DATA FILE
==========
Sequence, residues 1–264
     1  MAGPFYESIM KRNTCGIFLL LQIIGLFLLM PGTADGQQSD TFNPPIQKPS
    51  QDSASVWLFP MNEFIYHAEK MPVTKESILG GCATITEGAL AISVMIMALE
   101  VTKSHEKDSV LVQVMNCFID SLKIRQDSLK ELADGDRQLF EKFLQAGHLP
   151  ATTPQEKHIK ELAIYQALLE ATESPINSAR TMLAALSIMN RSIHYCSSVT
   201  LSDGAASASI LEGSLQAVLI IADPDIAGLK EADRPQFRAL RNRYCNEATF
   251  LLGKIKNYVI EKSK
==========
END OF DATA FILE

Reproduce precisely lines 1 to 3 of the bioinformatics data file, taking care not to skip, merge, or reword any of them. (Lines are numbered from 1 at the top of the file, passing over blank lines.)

Sequence, residues 1–264
     1  MAGPFYESIM KRNTCGIFLL LQIIGLFLLM PGTADGQQSD TFNPPIQKPS
    51  QDSASVWLFP MNEFIYHAEK MPVTKESILG GCATITEGAL AISVMIMALE